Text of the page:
Looking for the best paying jobs in consumer durables? The consumer durables industry has grown by leaps and bounds in the past few years, particularly in Africa, Asia, and the Middle East.

In fact, more than 90% of the global consumption growth stems from developing economies like China and India, both of which have been recording double-digit growth rates in recent years.

According to the United States Bureau of Labor Statistics, consumer durables are products that are expected to last at least three years and have both initial and continuing purchase spending by consumers.

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The best paying jobs in consumer durables goods include furniture, jewelry, sporting goods, and some software products, excluding motor vehicles and transportation equipment.

According to the same source, employment of consumer durable goods salespersons is probable to grow 3% (at least) from 2016 to 2026, which is about as fast as the average for all occupations.

The median annual wage of employees working under consumer durable goods in May 2016 was $85,370, which means that there are many opportunities to find good-paying jobs in this job market niche if you know where to look.

This article will disclose the 21 best paying jobs in consumer durables available today.

What are the best paying jobs in consumer durables?

The following are the best paying jobs in consumer durables.

Finance Manager

A Finance Manager has the task of making use of the company’s money by planning the budget and supplying relevant financial information for the executive management team in decision-making.

The finance manager at a consumer durable company is responsible for managing expenditures and monitoring income.

The position often involves coordinating with vendors and meeting all payment terms.

These managers also must ensure that their company maintains sufficient cash flow and establishes a long-term vision of financial growth.

 According to the BLS, the finance manager’s median annual wage is $131710 as of 2021.

Program Manager

Program managers are responsible for accomplishing a particular organization’s goals. They get between various projects and organize their workflow, focusing on programming strategy, delegation, and implementation.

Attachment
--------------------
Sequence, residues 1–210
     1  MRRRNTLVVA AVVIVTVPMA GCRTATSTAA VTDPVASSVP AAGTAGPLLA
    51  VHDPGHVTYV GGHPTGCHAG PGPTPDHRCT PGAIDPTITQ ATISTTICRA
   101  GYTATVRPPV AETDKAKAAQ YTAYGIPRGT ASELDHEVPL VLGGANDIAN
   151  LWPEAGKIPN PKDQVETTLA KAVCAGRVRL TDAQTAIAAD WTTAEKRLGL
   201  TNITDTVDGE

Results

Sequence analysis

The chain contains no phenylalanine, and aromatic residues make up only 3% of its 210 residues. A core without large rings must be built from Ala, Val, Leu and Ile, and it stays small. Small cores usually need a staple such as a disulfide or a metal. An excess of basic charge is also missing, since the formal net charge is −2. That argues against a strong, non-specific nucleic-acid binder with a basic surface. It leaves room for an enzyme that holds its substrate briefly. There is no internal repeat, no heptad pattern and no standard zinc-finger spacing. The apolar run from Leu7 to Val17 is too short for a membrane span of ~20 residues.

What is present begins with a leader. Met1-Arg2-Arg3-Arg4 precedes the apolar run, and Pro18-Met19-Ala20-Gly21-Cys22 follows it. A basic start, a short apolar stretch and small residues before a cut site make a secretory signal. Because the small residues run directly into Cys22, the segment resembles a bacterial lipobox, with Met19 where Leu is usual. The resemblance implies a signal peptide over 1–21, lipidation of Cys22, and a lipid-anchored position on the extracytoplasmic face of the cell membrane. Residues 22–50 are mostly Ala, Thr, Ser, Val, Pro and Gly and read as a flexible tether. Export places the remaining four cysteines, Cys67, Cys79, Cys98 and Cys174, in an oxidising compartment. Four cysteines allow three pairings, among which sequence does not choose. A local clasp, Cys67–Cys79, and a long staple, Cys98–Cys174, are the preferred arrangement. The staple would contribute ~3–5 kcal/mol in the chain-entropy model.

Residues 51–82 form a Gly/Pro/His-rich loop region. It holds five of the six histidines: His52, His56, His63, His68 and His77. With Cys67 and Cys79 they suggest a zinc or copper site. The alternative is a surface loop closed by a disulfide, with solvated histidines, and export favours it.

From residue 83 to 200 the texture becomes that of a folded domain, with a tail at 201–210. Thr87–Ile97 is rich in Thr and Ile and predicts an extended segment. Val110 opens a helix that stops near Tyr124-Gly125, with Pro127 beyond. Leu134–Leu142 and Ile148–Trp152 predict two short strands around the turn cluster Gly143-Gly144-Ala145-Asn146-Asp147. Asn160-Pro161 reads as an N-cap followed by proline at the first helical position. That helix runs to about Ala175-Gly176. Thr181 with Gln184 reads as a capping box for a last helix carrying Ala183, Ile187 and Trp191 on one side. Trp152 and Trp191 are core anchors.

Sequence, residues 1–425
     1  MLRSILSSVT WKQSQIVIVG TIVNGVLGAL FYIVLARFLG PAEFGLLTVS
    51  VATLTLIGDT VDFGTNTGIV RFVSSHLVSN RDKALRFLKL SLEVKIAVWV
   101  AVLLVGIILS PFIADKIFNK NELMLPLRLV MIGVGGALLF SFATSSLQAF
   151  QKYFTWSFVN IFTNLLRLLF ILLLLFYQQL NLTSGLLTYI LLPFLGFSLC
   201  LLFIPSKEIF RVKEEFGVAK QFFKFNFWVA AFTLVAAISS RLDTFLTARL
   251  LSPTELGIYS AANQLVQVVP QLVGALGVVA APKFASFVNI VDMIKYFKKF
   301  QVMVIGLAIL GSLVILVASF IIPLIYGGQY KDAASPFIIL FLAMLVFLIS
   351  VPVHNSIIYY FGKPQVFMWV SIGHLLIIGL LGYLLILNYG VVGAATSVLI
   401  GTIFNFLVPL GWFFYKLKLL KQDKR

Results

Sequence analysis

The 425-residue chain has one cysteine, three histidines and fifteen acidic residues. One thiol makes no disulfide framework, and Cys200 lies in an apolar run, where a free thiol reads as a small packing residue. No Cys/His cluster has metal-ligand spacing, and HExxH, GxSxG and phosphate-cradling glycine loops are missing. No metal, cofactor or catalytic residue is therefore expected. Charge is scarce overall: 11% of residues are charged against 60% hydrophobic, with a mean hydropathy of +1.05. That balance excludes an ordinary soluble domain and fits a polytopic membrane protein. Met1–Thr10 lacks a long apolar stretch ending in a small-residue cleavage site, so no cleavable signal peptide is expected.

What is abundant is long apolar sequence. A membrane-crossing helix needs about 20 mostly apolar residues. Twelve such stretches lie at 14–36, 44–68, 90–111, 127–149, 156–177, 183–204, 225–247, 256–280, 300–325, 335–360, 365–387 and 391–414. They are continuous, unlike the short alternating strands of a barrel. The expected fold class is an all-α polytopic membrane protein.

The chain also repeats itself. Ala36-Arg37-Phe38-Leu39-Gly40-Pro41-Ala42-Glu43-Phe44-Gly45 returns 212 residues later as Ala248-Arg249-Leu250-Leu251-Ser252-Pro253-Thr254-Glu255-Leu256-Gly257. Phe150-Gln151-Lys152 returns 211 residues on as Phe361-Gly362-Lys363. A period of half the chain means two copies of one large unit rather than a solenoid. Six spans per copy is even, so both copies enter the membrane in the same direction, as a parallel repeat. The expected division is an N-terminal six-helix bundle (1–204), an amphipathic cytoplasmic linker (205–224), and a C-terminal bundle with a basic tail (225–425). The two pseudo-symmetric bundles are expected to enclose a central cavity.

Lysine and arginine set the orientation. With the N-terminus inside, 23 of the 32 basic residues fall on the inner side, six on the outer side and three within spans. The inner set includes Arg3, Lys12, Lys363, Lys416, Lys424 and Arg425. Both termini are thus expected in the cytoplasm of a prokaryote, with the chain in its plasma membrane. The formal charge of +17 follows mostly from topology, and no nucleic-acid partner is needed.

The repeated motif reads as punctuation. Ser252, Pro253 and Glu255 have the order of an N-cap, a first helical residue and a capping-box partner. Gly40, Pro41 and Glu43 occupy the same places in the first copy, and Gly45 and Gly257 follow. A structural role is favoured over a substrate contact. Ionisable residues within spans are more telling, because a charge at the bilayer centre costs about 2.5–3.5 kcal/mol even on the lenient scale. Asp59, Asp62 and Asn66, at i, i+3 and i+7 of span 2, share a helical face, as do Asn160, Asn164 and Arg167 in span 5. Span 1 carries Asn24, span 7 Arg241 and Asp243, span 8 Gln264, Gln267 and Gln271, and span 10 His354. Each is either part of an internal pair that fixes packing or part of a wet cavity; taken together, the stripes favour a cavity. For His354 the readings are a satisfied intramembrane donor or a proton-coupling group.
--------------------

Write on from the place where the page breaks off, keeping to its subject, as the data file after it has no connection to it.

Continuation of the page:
Program managers are important players in companies. With an average base salary of $71,000 per year and the potential to earn as much as $127,000 a year, it’s no wonder program managers are well compensated.

They direct large programs covering major initiatives such as product launches and post-mergers.

A project manager coordinates communication between departments and keeps things on track by setting deadlines to meet certain goals. This hands-on position is extremely high-level — yet also management intensive.

Sales Manager

Sales managers are responsible for overseeing and mentoring a group of sales representatives. Sales managers, or sales supervisors, earn an average of $69,000 per year, ranging between $48,000 and $122,000.

The positions are available across many industries and usually require a college degree in marketing or business administration.

Sales managers typically work long hours coordinating their staff and delivering presentations to potential clients; these professionals have a high-stress job with lots of travel involved.

If you’re passionate about sales but don’t want to be on your feet for 50+ hours per week, look into management positions.

A sales manager must: be customer-focused, results-oriented, maintain company standards, understand financials know about computer programs.

Account Manager

An account manager’s job is to manage and develop existing accounts.

Account managers have frequent contact with both customers and other employees, making them one of the most important business relationship roles on a team.

These managers must be able to influence sales at an account level, be results-oriented and persuasive, anticipate opportunities, network well with others, and coordinate team activities.

Account Managers are more experienced than other sales jobs, and they do need a higher degree.

Education beyond a bachelor’s is necessary for most entry-level Account Manager positions (though higher degrees may lead to more lucrative pay).

However, most employers seek Account Managers with professional certifications or previous experience in related fields such as finance or marketing.

Product Manager

A product manager (PM) is an executive who leads a team in research, design, testing and marketing the goods to their intended consumers.

Product managers interact with the company’s engineering, marketing, user design, and sales teams to launch products and lead them through development.

As a product manager, you’ll be working closely with engineers and designers to develop new products and improve existing ones.

You’ll create specs for new items, ensure that they fit into company standards, negotiate with suppliers, and research new trends within your industry.